Don Rees

Back in the late 1970's while flying for Pan Am, I was doing a lot of studying of photography. I bought a 4 x 5 camera and began doing some photographic experiments with that camera. Primarily, I used it for photographing buildings, interiors, and portraits. The photography was in addition to being a musician, playing drums. At the local college where I was studying photography and speech, I also begun studying to be a singer. I knew that sometime I would want to perform as a vocalist, but that was to come later in life.


The portraits I took were not the typical smiley face photo that most people want. Some did have smiles, but rather they were intended to show the character of the person as I saw him.


So I enlisted some of my Pan Am pilot friends to allow me to take their photos. In return I gave them (3) 16 x 24 mounted prints of three different poses.


I'm going to make this Pan Am pilot photo project into 4 posts so the photos don't begin to run into each other and confuse the issue. First of all, some of the photos I'm showing here were scanned from the "proof". The actual photo that I have is 16 x 24 and won't fit my scanner. So the "proofs" are not the finished product. They have not had the dark room treatment of burning and dodging to get rid of some defects and bring out the contrast. So they may look a little flat. A "proof" is used to determine which picture is worth working on.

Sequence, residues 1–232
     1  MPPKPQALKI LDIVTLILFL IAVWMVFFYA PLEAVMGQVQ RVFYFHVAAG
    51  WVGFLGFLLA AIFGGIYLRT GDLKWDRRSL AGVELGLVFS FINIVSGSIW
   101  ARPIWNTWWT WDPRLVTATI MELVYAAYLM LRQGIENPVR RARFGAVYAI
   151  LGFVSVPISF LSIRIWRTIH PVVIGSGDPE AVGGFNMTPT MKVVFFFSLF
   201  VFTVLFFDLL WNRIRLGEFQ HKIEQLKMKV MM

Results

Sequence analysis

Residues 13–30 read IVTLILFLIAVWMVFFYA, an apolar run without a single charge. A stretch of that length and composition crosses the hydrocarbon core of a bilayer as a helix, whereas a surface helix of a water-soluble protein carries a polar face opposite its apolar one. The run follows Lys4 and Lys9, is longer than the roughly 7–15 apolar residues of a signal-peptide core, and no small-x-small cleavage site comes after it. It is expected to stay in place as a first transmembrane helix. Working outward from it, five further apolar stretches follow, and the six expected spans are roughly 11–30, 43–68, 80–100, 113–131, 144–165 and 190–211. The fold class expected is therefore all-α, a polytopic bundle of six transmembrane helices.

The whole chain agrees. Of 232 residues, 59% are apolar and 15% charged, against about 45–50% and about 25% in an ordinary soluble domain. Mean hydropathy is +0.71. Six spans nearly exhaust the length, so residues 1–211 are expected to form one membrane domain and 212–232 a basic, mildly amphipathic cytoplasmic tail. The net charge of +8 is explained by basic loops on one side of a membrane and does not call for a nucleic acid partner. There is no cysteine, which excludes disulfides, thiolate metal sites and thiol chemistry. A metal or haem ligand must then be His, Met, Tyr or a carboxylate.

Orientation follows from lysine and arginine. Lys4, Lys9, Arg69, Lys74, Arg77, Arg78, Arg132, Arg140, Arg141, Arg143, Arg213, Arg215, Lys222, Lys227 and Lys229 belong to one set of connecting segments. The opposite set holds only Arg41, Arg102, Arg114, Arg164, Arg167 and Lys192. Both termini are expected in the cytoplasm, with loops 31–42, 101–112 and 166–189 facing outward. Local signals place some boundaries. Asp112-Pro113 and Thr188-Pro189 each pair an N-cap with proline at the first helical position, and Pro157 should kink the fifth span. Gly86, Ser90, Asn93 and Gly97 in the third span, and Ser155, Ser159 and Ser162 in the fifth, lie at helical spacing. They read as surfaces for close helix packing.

Below are three Pan Am pilot photos of pilot, musician, singer, Don Rees, which I'll discuss down below:






Don Rees is the Pan Am pilot in all three of the above photos.

Don was a great subject because of his diverse interests and talents.

Don was an accomplished musician, a clarinet player who played with Dixieland bands in northern California. He was also a vocalist.

  1. He was also a farmer, who owned an almond farm in the Stockton California area

  2. He was also a professional Pan Am Flight Engineer/Pilot.

My goal was to show that people look differently when performing in the different roles in their lives. When I placed 12 photos, 3 of each pilot in their different roles, on the walls for the class display, no one noticed that each group of three photos was of one person. They thought they were looking at 12 different people.

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